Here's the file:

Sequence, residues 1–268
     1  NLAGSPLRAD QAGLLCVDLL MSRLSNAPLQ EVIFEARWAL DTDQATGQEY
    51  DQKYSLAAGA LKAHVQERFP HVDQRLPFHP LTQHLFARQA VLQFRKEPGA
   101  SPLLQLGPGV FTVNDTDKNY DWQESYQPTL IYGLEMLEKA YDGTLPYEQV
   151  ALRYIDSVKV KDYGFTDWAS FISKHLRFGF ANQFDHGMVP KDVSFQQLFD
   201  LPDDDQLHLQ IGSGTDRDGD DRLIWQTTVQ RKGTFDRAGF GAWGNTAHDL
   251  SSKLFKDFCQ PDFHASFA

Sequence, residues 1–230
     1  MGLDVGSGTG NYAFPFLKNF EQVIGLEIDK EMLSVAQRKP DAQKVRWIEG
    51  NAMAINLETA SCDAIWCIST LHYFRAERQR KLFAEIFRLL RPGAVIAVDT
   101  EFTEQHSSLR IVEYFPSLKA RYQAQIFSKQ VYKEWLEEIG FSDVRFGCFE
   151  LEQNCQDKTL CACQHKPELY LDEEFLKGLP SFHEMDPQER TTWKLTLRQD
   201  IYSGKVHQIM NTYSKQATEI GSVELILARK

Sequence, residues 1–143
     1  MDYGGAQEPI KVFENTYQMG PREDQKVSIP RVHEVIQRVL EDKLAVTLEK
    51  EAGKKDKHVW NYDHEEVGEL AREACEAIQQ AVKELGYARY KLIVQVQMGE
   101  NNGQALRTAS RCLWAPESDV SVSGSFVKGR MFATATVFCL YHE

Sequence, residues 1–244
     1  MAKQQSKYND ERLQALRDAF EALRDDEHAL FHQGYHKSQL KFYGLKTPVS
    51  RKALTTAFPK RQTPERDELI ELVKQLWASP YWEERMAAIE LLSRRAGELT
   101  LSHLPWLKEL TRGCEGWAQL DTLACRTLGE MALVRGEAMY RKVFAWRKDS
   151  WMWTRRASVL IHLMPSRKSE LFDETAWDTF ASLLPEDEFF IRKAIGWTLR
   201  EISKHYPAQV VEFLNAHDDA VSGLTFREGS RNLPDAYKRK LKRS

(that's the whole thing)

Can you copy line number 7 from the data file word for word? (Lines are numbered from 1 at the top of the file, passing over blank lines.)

   251  SSKLFKDFCQ PDFHASFA